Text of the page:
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Sunday, 9 June 2019

50 facts about Bermuda Triangle: that you did not know about the Bermuda Triangle

50 facts about Bermuda Triangle: that you did not know about the Bermuda Triangle


A hotspot for unexplained disappearances and alleged UFOs, the Bermuda Triangle has been teasing our imaginations for decades. With mysterious disappearances of airplanes, ships and people, the Bermuda Triangle has spawned a host of conspiracy theories and just as many books, movies and even comic books. But how much do you know about the most mysterious corner of our planet?

About 50 facts of Bermuda Triangle

In this article we are going to talk about 50 facts about the famous Bermuda Triangle.

#1. The Bermuda Triangle extends from Bermuda to Miami and Puerto Rico, and covers 440,000 square miles of ocean.


#2. Due to so many unexplained disappearances, it is also known as the Devil's Triangle.

#3. Planes or ships lost in the Bermuda triangle are often not found; scientists believe that this is because the Gulf Stream runs near the Bermuda triangle and quickly removes the debris from the search area.

#4. It is estimated that 1000 lives have been lost in the last 100 years.

#5. Despite the apparent danger of alleged sea monsters, aliens and the ancient city of Atlantis, it's still one of the premier vacation destinations in the world.

#6. Situated within the Bermuda triangle is the US Navy's AUTEC facility, which stands for Atlantis Undersea Test and Evaluation Center, located on the Andros Island of the Bahamas. The Navy uses the facility to test the submarines, sonar and other weapons. But many believe that they have a part to play in the Bermuda Triangle's disappearances or are investing the true sources.

#7. Pilot Bruce Gernon claimed to have lost 28 minutes as he flew through a time warping cloud tunnel which also affected his instruments. Flying from Bermuda to Miami, the three hour trip only took a third of the time and Mr. Gernon believed he had catapulted forward in time.

#8. Skeptics point out that its likely all Mr. Gernon experienced was a very strong tailwind and a well-documented phenomenon known as roll-cloud, which would have had very fast moving air inside it that propelled the airplane along and could have had static electricity which would have affected his instruments.

#9. On November 5th, 1945 the US Navy lost five avenger torpedo bombers and one rescue plane sent to locate the missing planes - known as Flight 19 as they flew within the Bermudan Triangle.

#10. The flight of Navy avengers dropped practice bombs at the Hens and chickens shoals near Bermuda at 2:30 pm and turned north for the second leg of their journey when flight leader Lieutenant Charles C. Taylor - an experienced combat veteran of the pacific Theater - radioed that his compass is malfunctioning. A front blew in suddenly with heavy rain and gusting winds, disorienting Flight 19.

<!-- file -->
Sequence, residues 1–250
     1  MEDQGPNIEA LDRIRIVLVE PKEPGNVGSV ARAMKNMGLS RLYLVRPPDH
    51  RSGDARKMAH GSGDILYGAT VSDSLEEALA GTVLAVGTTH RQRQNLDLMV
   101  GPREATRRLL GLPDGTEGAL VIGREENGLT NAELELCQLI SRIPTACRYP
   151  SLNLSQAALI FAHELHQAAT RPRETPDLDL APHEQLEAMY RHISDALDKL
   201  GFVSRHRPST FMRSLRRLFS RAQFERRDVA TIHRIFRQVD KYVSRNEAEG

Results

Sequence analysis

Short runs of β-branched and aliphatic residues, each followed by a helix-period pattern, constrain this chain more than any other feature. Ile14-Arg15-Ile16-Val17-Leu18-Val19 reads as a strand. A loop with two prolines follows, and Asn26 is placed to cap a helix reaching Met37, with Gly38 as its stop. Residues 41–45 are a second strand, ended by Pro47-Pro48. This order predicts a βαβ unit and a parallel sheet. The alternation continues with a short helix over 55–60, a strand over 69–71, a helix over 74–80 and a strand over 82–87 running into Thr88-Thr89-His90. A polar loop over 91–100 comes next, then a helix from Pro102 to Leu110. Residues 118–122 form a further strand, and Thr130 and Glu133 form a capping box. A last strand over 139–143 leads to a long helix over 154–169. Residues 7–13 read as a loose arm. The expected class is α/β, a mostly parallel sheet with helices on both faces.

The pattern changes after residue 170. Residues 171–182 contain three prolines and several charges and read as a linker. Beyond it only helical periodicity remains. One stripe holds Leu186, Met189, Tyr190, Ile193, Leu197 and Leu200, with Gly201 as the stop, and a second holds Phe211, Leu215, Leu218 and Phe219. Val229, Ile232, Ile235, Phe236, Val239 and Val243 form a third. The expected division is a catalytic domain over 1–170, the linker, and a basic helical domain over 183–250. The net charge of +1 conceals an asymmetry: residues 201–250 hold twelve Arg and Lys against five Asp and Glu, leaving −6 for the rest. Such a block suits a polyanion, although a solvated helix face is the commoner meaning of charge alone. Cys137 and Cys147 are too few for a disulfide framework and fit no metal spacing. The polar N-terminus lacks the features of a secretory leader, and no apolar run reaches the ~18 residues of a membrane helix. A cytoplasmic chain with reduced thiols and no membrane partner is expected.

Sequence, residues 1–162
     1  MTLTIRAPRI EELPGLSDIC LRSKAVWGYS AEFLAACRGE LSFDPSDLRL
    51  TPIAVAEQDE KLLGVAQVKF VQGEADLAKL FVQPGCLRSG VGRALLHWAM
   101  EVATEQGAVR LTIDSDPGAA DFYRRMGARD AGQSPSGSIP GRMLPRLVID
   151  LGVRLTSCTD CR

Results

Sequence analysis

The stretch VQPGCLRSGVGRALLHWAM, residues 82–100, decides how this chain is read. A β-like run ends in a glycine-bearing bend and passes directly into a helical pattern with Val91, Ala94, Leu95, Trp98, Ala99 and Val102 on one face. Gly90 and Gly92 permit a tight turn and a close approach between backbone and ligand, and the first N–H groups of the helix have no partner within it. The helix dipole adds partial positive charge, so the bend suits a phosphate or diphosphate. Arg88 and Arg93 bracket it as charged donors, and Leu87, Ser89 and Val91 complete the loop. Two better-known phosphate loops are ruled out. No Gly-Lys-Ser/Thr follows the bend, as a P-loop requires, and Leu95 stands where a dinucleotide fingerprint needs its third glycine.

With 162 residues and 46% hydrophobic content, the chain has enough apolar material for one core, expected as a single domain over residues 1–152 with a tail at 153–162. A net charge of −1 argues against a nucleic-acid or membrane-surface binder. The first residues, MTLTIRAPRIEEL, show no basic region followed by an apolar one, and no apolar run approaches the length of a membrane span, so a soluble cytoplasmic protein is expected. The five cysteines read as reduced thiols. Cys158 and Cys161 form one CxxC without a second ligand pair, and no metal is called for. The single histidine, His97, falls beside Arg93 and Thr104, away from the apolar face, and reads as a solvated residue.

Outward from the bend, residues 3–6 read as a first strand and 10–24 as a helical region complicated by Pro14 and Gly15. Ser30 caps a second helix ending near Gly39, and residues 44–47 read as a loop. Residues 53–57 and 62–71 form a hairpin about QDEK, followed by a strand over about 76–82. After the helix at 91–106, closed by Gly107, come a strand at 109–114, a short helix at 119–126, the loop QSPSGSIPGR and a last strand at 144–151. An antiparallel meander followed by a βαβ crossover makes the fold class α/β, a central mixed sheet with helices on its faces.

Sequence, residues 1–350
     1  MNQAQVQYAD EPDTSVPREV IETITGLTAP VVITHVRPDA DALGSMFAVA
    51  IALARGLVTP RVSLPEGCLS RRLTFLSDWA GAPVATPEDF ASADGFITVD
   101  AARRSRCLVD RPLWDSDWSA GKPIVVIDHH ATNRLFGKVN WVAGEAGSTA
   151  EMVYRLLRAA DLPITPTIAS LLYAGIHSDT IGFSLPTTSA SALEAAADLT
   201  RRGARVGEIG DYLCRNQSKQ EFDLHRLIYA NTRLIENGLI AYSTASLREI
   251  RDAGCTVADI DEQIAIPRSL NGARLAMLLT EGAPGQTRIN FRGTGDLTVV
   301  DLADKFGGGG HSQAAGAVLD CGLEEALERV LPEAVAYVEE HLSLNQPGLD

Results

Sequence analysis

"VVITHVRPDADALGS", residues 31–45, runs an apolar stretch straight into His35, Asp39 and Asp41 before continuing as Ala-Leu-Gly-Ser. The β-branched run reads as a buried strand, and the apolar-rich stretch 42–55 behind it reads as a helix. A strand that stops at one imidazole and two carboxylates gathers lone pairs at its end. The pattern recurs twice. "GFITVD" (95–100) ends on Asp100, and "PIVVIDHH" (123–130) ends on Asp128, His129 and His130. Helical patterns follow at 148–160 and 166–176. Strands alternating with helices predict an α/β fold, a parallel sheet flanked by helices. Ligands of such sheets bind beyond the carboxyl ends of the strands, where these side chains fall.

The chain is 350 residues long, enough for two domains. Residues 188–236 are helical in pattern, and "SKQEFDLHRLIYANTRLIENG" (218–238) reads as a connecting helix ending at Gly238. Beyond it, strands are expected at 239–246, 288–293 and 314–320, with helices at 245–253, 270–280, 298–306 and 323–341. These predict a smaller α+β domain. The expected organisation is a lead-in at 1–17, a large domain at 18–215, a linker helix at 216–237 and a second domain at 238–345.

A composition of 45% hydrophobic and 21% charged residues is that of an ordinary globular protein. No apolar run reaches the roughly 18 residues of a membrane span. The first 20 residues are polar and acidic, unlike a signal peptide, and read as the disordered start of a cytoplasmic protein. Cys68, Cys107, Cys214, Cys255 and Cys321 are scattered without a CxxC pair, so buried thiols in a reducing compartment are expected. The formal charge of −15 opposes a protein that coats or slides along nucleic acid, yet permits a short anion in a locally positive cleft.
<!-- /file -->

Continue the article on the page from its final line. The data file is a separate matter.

#11. Another pilot flying near the Florida coast was the first to overhear the flight's radio communications. Taylor relayed that both his compasses were out and he was trying to find Ft. Lauderdale - he was sure he was in the Florida keys but didn't know where. This claim also made no sense as he had just passed over the Bahamas less than an hour later and believed they were hundreds of miles off course.

#12. Pilot lost in the Atlantic were instructed to point their planes towards the setting sun and fly to the mainland, but for some reason Taylor believed they had somehow flown into the Gulf of Mexico, hundreds of miles away, so he pointed his planes northeast to try to find Florida.

#13. At list one pilot recognized the mistake, saying over the radio, "if we would just fly west, we would get home."

#14. When fuel began to run low, Taylor prepped his men for a crash landing in the ocean. As the disoriented pilots flew further into the Atlantic their radio communications became fainter until fading at last into an eerie buzz of empty static.

#15. The Navy scrambled search planes immediately, sending a pair of PBM Mariner flying boats out of Ft. Lauderdale. Just 20 minutes later though one of them disappeared from radar. It's believed that it had caught fire and crashed into ocean though as the Mariners were notorious for catching fire and a merchant ship spotted a fireball and found evidence of an oil slick in the ocean.

#16. Despite a five day search involving 300 ships and aircraft all searching an area of 300,000 square miles, no wreckage or bodies were ever recovered from any of the missing aircraft. A navy board of investigation argued that Taylor had confused the Bahamas for the Florida keys after his compasses malfunctioned, but couldn't find any clear explanation for why the flight became so disoriented - or why Taylor believed he was hundreds of miles from his actual locations.

#17. Witnesses claimed that Lieutenant Taylor had arrived to Flight 19's per-exercise briefing several minutes late and requested to be excused from leading the mission, saying "I just don't want to take this one out."

#18. The avenger pilots also did not make use of rescue radio frequency or their planes' ZBX receivers, which would have let them home in on Navy radio towers on land. The pilots were even told to switch the devices on, but didn't hear the message or didn't acknowledge hearing it.

#19. In 1991 treasure hunters believed they had solved the mystery of Flight 19 when they discovered five World War 2 Avengers near Fort Lauderdale, however none of the serial numbers matched those assigned to Flight 19's planes.


#20. In the 1977 film "Close Encounters of the Third kind" Flight 19 was portrayed as having been whisked away by aliens and deposited in the deserts of Mexico.

#21. The first supernatural report from within the Bermuda Triangle came from Christopher Columbus, who wrote in his journals about fireballs in the sky and that his compass has suddenly stopped working- similarly to Flight 19's predicament.